Syrian opposition hits out at world silence over Aleppo

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Syria's main opposition coalition hit out on Saturday over the "silence of the international community", saying Damascus and its Russian allies were committing "a crime" in the northern city of Aleppo.

Heavy Syrian and Russian air strikes on rebel-held eastern areas of Aleppo killed at least 32 civilians on Saturday, the Britain-based Syrian Observatory for Human Rights said, as Damascus seeks to recapture all of the city.

"The Syrian regime and its Russian allies commit atrocities in Syria," Muwaffaq Nirabiya, vice president of the Syrian National Coalition, told reporters in Istanbul, adding what was happening in Aleppo was "a crime".

Jawad Abu Hatab, who leads the opposition-in-exile, urged the massacres to stop as he criticised worldwide inaction.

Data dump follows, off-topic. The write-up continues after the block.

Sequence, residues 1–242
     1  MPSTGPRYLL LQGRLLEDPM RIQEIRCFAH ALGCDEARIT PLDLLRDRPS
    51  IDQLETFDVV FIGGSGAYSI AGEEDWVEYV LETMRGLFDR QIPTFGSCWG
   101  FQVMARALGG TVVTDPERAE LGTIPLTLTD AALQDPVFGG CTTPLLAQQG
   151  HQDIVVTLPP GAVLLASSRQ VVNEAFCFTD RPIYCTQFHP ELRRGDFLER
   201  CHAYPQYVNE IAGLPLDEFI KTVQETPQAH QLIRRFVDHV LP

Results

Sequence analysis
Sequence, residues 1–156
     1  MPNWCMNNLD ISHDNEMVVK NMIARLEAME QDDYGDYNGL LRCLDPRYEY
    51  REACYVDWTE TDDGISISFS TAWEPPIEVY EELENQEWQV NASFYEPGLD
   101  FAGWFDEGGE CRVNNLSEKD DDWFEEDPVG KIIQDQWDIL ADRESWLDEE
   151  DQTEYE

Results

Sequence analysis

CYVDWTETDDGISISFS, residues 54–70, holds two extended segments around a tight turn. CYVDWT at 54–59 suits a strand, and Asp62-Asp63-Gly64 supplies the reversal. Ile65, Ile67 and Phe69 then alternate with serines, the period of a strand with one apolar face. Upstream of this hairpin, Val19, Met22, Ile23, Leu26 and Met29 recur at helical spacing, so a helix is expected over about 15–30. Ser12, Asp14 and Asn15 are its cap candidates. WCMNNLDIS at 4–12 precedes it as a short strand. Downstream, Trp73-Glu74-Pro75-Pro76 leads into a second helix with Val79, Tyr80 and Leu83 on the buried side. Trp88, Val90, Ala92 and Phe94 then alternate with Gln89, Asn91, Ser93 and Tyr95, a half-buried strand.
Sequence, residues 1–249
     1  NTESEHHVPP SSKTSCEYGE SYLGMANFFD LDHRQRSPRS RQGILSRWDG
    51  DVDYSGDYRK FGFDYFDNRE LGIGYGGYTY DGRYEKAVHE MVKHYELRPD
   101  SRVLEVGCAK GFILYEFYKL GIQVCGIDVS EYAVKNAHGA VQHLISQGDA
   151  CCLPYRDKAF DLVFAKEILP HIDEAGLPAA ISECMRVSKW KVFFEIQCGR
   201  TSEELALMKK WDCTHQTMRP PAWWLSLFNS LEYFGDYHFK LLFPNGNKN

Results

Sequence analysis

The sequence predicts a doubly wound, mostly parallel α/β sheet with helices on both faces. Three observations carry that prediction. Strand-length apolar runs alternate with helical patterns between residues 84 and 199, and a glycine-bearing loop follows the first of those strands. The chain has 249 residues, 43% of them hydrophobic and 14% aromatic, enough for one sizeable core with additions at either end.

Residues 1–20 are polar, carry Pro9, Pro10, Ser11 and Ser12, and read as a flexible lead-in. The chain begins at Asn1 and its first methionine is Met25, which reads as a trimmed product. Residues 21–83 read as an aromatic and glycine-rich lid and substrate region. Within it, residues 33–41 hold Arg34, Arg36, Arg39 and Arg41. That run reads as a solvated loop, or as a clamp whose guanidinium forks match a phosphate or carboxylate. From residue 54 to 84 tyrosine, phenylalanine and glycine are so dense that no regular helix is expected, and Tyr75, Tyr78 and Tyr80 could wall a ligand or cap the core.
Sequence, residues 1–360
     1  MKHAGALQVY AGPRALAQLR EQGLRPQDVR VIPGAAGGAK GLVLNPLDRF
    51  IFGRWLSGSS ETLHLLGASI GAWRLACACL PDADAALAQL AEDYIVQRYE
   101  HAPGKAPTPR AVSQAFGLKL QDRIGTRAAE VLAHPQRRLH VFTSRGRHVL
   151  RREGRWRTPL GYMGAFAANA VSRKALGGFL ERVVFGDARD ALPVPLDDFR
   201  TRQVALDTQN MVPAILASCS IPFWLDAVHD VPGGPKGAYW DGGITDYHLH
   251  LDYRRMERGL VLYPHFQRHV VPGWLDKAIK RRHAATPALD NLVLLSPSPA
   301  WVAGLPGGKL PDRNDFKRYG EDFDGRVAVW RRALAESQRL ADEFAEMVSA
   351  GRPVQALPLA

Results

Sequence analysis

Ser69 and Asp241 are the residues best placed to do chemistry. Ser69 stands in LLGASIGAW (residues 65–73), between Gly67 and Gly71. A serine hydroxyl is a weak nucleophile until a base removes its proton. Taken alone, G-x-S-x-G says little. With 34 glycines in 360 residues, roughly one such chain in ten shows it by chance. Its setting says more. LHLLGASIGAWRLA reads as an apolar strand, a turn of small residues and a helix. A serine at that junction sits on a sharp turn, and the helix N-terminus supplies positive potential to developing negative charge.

"We cannot stand the silence of the international community," he said.

He said Damascus and its Russian allies "targeted humanitarian convoys, killed civilians, used chemical weapons -- weapons that are banned by international conventions, dropped barrel bombs against the population, razed entire buildings (and) committed massacres".

He was referring to the attack on an aid convoy in Aleppo on Monday which left 20 dead and 18 trucks destroyed. The United States has laid the blame squarely on Russia for the incident.

Intense raids continued for a second night on Friday after the regime announced the operation to retake Aleppo on Thursday, following the collapse of a truce deal negotiated between Moscow and Washington.

Nirabya dismissed the ceasefire which fell apart earlier this month, adding that "not a single day has been without bombing and air strikes on our people".

He said Russia and Damascus closed the road to any political resolution, "preferring to opt for a military strategy until the very end".

Aleppo and its surrounding countryside have come under heavy bombardment and suffered some of the bloodiest violence during the more than five-year conflict which has left 300,000 dead and millions forced to flee their homes.